A motion offense is perfect for a positionless style of play since it emphasizes player and ball movement, screens, and floor spacing.

It allows players to fill multiple roles within the offense on the same possession.

There are plenty of ways to run motion offense, but in my opinion the 5-out motion offense is the best one for a truly positionless style of play. 

Most of your sets in a 5-out motion offense will start with all five players spaced out on the perimeter. All five players are encouraged to shoot, drive, cut, screen, post up, etc.

d. Choose a Positionless Defense

You should also allow your players freedom on the defensive end of the floor.

That means avoiding any kind of zone defense (which is a terrible defense for youth basketball) or any hybrid defenses such as box and one.

Many coaches opt for a zone because it’s easy and very effective in youth games.

Once again, youth coaches are not in the business of winning every single game.

Your goal is enjoyment and developing players as much as possible.

To achieve that, I recommend sticking with man-to-man defense.

Man-to-man defense will give your players ownership and responsibility for their matchups, and it will help them learn proper defensive fundamentals.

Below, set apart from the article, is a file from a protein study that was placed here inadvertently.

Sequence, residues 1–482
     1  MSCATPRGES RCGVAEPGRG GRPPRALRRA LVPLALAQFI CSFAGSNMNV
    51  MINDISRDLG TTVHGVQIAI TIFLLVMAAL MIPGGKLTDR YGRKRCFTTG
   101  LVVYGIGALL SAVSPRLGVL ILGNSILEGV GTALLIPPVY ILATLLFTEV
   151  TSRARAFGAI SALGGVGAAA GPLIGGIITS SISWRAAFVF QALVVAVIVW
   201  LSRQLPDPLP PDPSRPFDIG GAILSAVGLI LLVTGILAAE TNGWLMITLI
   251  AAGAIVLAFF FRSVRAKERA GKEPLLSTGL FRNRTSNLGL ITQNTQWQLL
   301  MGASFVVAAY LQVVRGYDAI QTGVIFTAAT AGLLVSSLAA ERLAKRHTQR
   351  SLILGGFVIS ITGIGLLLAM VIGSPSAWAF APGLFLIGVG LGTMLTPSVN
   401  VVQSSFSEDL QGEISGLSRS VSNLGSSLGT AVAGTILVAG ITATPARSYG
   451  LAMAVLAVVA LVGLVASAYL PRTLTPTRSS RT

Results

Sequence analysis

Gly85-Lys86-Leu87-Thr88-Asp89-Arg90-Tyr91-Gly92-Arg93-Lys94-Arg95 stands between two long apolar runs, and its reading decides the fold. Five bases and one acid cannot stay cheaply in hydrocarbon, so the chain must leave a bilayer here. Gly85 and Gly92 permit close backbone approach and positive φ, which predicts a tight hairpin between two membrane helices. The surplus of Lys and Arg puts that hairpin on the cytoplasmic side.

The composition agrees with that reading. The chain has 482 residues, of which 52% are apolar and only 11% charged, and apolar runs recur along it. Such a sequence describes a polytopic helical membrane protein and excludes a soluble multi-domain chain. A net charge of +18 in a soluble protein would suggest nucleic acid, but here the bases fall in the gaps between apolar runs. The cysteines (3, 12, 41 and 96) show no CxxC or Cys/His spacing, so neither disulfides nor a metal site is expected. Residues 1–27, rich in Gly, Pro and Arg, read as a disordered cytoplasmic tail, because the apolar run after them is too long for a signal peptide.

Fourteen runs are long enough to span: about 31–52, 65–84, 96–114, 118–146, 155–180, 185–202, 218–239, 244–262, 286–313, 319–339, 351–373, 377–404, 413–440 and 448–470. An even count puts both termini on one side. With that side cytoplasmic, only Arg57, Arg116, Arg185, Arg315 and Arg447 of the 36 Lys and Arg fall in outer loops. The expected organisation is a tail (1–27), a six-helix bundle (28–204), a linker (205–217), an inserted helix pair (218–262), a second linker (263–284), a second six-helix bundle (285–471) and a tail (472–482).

On top of that, you can also adjust the specific matchups on the fly to give your players experience with defending different positions.

e. Use Blowout Games to Switch Things Up

Finally, blowout games (winning by 20+) are another valuable learning opportunity.

In situations like these, I encourage coaches to give specific players responsibilities that are outside of their usual comfort zone.

For example:

> Give your two tallest players the responsibility of advancing the ball

> Give your shorter players the responsibility of defending the post


If you’ve decided to implement a positionless basketball style in your team, the advice found in this post should put you on the right path.

Just keep the following in mind:

You need to be patient with the "positionless basketball" process.

Deciding to be a coach who develops positionless basketball players is a decision to prioritize development over winning youth basketball games.

When you first start implementing a positionless style, it will be a big change for your players. 

Make sure you educate players and their parents on how this change will assist them to develop their skills and how it will ultimately allow the team to win more games.

Early on in the process you might lose a few games that you might have won by using the “terrible tactics” like playing zone defense and giving your starters 90% of the minutes.

Just remember that you’re making an investment towards the future.

If you stick to positionless basketball, your players will have more fun and they’ll be much more likely to achieve success in the future as individuals and as a team.


positionless basketball, youth basketball